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Re: Future UK Combat Aircraft (Project Tempest)

Postby SW1 » 07 Oct 2018, 17:56



An overview of were team tempest is aiming to position the aircraft.

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Re: Future UK Combat Aircraft (Project Tempest)

Postby ArmChairCivvy » 07 Oct 2018, 19:16

Ron5 wrote: political management of the industrial base


It is good to differ... as we are here to discuss ;)

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Re: Future UK Combat Aircraft (Project Tempest)

Postby ArmChairCivvy » 07 Oct 2018, 19:38

SW1 wrote:https://m.youtube.com/watch?v=ogAtFy3q3xk

An overview of were team tempest is aiming to position the aircraft.


Smooth and info packed that was, thx SW1 (much better than the many, many write-ups that were pushed out in a hurry).
- those guys must have had a chance to do a cold run with their answers... all the better (for the audience)

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Re: Future UK Combat Aircraft (Project Tempest)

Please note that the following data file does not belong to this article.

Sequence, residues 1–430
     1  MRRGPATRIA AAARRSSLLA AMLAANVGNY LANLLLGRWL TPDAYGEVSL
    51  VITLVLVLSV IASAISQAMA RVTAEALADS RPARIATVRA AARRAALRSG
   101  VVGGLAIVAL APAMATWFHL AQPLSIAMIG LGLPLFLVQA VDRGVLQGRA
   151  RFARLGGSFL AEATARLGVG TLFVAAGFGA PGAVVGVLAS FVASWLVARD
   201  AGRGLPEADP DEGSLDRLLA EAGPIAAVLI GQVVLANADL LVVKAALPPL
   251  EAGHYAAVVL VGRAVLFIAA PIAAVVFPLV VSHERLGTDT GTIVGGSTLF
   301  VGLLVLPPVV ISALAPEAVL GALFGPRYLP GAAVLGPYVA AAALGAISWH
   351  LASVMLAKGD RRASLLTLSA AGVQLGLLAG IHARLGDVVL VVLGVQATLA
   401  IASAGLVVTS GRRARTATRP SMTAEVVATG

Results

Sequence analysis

Postby bobp » 07 Oct 2018, 20:17

ArmChairCivvy wrote:Smooth and info packed that was, thx SW1 (much better than the many, many write-ups that were pushed out in a hurry).- those guys must have had a chance to do a cold run with their answers... all the better (for the audience)



I agree with your sentiment, very informative and puts the current program into perspective. Hope that they manage to secure the budget to progress this concept to a flying prototype at least, so that they are able to go into production if required.

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Re: Future UK Combat Aircraft (Project Tempest)

Postby Timmymagic » 07 Oct 2018, 23:07

I'm not sure how we all missed this, but the BAE Tempest mockup showed up at the Belgian Airforces Kleine Brogel base for an airshow in early September. Lots of manufacturers there trying to get the Belgian's to buy (Typhoon, F-35 and Rafale all there trying to drum up business.